Published February 21, 2008
DURHAM, N.C. – More than three dozen current and former Duke lacrosse players filed a federal lawsuit Thursday against the university, saying the elite school "turned its back" on them.
They also are suing the city of Durham and others involved in the case.
The players claim they suffered emotional distress during the since-discredited rape case pursued against three of their teammates.
Lead attorney Chuck Cooper said Thursday the private university refused to support the players to protect the school's image.
"They simply turned their back on these students," said Cooper. "Players have made every effort to resolve these issues with Duke. There is no other course at this point."
The university issued a statement Thursday in response, though it said it hadn't yet seen the lawsuit.
"Their legal strategy — attacking Duke — is misdirected and without merit," said university vice president and general counsel Pamela Bernard. "We will vigorously defend the university against these claims."
The civil lawsuit filed Thursday was on behalf of 38 players who were not charged in the notorious case.
Lawyers for the players accuse Duke University, the City of Durham and several school and police officials of fraud, abuse and breach of duty for supporting the prosecution of the case.
The lawsuit accuses Duke of ignoring, suppressing and discrediting evidence that proved the players innocent, of idly standing by while the players suffered abuse and harassment on campus, and of imposing discipline that implied the team was guilty.
Duke suspended and then canceled the highly ranked team's season in the wake of the rape allegation.
Bernard said that Duke had offered to cover attorneys fee costs or other out-of-pocket expenses, but the players rejected that offer.
The lawsuit says Durham County District Attorney Mike Nifong and his investigators hid and fabricated evidence, adding the city of Durham should be held accountable for Nifong's actions.
But Cooper said the lawsuit doesn't name Nifong, who was disbarred and spent a night in jail for his handling of the case, because of his pending declaration of bankruptcy. Nifong is claiming more than $180 million in liabilities, almost all tied to the prospect of losing two other lawsuits stemming from the rape case.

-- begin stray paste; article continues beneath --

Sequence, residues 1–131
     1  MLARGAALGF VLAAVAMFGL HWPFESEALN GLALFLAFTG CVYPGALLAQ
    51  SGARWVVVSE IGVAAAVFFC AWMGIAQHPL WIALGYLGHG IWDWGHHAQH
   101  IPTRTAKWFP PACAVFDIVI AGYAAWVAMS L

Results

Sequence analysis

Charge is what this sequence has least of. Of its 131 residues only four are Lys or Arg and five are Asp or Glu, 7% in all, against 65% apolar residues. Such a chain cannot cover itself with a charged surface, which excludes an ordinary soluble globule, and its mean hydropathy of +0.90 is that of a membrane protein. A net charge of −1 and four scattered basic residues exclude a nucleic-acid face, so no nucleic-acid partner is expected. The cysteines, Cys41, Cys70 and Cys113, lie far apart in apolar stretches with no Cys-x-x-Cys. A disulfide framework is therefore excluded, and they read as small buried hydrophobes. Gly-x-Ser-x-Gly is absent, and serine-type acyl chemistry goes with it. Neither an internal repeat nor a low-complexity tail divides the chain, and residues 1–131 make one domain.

Thursday's suit on behalf of 38 unindicted players and nine members of their families seeks unspecified damages for invasion of privacy, emotional distress and other injuries. Cooper discussed the lawsuit at a news conference in Washington, D.C.
The three players who Nifong charged — and who were later declared innocent — have also sued the former prosecutor, the City of Durham and the police detectives who handled the case. They reached an undisclosed financial settlement with the university in June.
Three other players filed a suit last year, accusing the school, Nifong and numerous others of a conspiracy that inflicted emotional distress.
None of the lawsuits were filed against the woman who said she was raped. In the lawsuit filed Thursday, the accuser was called a "deeply mentally disturbed, drug-dependent young woman."
Nifong won indictments against Dave Evans, Collin Finnerty and Reade Seligmann after the woman accused them of raping her at a team party in March 2006. The case then unraveled amid the woman's changing story and lack of evidence.
State prosecutors who took over the case from Nifong dropped all charges in April 2007, and Attorney General Roy Cooper said Evans, Finnerty and Seligmann were innocent victims of Nifong's "tragic rush to accuse." Nifong was later disbarred and spent a night in jail after being found in contempt of court for lying to a judge.
Nifong filed for Chapter 7 bankruptcy protection earlier this year, citing liabilities of $30 million for each of the cleared players as potential damages in their lawsuit. Another $90 million in liabilities was cited as possible damages in the second lawsuit.
Bankruptcy administrator Michael D. West recommended last week that Nifong not get that protection because he makes too much money.
The Associated Press contributed to this report.